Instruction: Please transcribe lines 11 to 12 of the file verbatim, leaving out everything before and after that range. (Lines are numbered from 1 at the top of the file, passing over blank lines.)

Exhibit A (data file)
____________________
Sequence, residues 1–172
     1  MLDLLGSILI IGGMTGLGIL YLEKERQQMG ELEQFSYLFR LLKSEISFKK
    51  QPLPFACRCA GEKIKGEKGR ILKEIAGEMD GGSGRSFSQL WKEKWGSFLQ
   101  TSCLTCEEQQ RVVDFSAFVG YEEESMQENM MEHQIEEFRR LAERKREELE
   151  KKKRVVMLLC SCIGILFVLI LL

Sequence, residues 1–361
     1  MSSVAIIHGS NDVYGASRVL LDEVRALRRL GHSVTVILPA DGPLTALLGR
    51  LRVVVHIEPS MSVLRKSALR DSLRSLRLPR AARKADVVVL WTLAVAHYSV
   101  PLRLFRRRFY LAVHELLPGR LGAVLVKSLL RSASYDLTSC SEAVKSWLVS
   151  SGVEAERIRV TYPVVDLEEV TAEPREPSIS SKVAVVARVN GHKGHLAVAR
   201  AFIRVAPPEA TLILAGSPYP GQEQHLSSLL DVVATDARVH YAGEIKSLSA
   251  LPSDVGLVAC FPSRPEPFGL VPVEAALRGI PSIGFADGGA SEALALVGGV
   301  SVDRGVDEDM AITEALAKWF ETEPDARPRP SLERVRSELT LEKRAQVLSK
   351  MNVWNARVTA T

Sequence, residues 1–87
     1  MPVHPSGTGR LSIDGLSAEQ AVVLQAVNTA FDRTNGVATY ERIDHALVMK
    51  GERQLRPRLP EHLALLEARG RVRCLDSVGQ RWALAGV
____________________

   201  AFIRVAPPEA TLILAGSPYP GQEQHLSSLL DVVATDARVH YAGEIKSLSA
   251  LPSDVGLVAC FPSRPEPFGL VPVEAALRGI PSIGFADGGA SEALALVGGV